wake up from the dream that we are the Seen, and realize that
we are the Seer.
Is Divine Grace accessible to
all? Yes, but only those who have prepared themselves know of
its availability and aspire for it. The Mother has said: "The
Grace is equally for all. But each one receives it according to
his sincerity." This requires tapas, or intensive practice of
Yoga, but even before this one must begin by cultivating non-attachment:
Sunder your desires and passions;
The Lord's place easy be
-TM verse 2613
Sunder your desires, sunder your desires
Sunder your desires even like the Lord;
The more the desires, the more your sorrows;
The more you give up, the more your bliss shall be.
-TM verse 2615
Those souls which have reached
a state of detachment (vairagya) are in a state of equanimity.
They look upon the results of good actions and bad actions equally;
they do not become excited or saddened by either. Consequently,
Divine grace comes to them in the form of a spiritual guide, who
shows them the path to liberation.
"When the Jiva attains the state
To deeds, good and evil,
Then does divine Grace in Guru form descend,
Removes attributes all,
Implants Jnana that is like a heavenly cool shad;
The Jiva thus rid of egoity,
And other Impurities Three,
Shall with Siva in union merge.
-TM verse 1527
So, the Divine Grace descends
according to the degree of striving and blossoming of the souls.
This descent is classified into four types, according to the speed:
slowest, slow, quick and quicker. These are referred to as four
paths to the feet of the Lord: dasa-marga, satputra-marga, saha-marga,
Dasa-marga or carya is the path
of the servant of the Lord, and involves service in the temple,
cleaning, preparation of offerings, praising the Lord, lighting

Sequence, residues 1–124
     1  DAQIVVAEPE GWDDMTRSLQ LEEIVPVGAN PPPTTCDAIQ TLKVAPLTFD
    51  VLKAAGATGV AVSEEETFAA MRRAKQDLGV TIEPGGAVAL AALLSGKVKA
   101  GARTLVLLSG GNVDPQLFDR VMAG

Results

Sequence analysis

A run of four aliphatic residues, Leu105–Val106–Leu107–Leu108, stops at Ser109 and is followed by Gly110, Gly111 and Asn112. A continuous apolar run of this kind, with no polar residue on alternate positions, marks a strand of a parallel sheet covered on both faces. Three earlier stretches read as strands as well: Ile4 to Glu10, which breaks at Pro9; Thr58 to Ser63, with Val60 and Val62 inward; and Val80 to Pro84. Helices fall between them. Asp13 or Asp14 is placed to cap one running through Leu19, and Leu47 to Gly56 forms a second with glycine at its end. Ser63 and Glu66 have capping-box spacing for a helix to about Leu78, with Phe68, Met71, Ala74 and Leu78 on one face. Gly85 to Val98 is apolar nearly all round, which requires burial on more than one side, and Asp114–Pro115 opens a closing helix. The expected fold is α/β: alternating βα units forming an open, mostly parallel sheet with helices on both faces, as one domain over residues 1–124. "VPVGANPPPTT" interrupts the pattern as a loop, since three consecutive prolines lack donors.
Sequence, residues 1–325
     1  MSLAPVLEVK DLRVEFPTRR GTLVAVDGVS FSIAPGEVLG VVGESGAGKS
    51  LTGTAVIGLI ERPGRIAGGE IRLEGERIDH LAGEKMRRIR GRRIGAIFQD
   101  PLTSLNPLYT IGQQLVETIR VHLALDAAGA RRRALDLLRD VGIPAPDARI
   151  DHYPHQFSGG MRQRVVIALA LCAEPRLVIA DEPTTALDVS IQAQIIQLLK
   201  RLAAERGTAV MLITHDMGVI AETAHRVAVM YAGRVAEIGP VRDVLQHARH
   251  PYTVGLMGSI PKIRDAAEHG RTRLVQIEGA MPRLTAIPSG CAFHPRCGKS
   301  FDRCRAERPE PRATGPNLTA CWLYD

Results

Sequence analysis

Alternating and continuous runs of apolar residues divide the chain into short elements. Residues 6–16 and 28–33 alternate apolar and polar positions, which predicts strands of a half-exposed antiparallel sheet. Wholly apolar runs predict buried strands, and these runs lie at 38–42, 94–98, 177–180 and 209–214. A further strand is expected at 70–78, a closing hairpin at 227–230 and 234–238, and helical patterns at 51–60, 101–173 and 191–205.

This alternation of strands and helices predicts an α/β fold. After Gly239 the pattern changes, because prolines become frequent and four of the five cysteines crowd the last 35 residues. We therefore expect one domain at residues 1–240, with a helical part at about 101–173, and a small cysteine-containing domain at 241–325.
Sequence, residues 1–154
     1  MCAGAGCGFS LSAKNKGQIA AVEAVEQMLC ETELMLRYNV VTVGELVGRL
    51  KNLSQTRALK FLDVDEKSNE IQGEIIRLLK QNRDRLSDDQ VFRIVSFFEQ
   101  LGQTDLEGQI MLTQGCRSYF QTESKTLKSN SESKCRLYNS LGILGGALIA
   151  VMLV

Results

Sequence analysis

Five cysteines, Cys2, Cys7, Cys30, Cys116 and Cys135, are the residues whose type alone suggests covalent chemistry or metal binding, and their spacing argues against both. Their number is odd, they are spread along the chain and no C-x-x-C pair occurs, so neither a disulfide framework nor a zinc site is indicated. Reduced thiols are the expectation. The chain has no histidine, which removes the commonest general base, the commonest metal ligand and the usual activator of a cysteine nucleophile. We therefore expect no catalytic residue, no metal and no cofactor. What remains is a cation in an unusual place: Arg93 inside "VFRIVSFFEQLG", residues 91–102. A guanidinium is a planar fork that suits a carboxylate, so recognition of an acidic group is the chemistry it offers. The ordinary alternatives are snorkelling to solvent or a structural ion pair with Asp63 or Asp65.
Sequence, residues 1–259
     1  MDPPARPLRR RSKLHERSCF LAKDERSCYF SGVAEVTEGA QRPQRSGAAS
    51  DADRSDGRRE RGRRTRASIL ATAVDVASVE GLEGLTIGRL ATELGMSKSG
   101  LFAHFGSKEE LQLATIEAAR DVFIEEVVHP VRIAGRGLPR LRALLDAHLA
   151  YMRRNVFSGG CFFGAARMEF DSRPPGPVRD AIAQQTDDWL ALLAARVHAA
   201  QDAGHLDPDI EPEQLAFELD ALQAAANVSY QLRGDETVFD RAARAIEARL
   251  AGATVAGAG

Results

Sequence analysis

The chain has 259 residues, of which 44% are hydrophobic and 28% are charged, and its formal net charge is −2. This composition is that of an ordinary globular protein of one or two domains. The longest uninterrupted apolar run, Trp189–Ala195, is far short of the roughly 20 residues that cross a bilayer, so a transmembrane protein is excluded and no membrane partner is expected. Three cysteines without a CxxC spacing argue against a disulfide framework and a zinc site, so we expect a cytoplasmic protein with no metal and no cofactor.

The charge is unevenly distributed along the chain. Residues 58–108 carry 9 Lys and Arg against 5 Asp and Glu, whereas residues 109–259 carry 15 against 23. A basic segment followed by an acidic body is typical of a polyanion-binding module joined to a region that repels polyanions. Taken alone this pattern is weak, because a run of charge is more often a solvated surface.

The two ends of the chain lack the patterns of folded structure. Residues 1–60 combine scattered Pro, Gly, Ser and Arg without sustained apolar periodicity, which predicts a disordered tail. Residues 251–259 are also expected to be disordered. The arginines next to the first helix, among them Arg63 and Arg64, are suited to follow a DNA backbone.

lamps and to the Lord, as a devotee.
Satputra-marga or kriya is the
path of the son or daughter, wherein the relationship is more
intimate. Various forms of worship are to be performed, including
the use of chants, incense, light, flowers, mantras, and images.
Saha-marga or yoga is the path
of friendship, and requires one to perform Kundalini Yoga to withdraw
the senses and control of the breath, turning ones energy inwards
through the sushumna nadi, internal worship of the chakras, contemplation
of the inner light at the crown.
Sanmarga is the path of jnana,
wherein one realizes ones true identity as the Self, and ultimately
as Ishvara. The knower, the known and knowing become one in a
state of transcendence. Grace manifests in four stages of release.
All impurities dissolve in the fire of the consciousness of the
Supreme Being within. All previous contradictions are resolved.
They adore the Lord night and day in a state of intoxication,
and mystical transcendence.
Sri Aurobindo and the Mother
teach that the establishment of a divine life upon earth itself
can only be achieved with the conjunction of two forces: a steadily
mounting ardent aspiration from the side of the sadhak, and from
the Divine's side, an answering Grace, descending from above in
response to the sadhak's call. And whenever there is the flame
of aspiration burning bright in the sadhak's heart, the Grace
of the Divine Mother cannot but respond. Aspiration is an upward
movement of our consciousness through the psychic part of our
being toward all that is good, pure and beautiful; it is a thirst
for spiritual knowledge, a steady and quiet seeking of the Divine,
a spiritual enthusiasm of our soul towards perfection, contact
with Divine Love, Harmony and Presence. It is an inner purifying
flame, a need for the light of consciousness. An intense seeking
to be absorbed in the Divine. "I want you lord, and nothing which
you can give to me. It feels: "I want to live only for you, in
you, without separation." One does so without impatience, but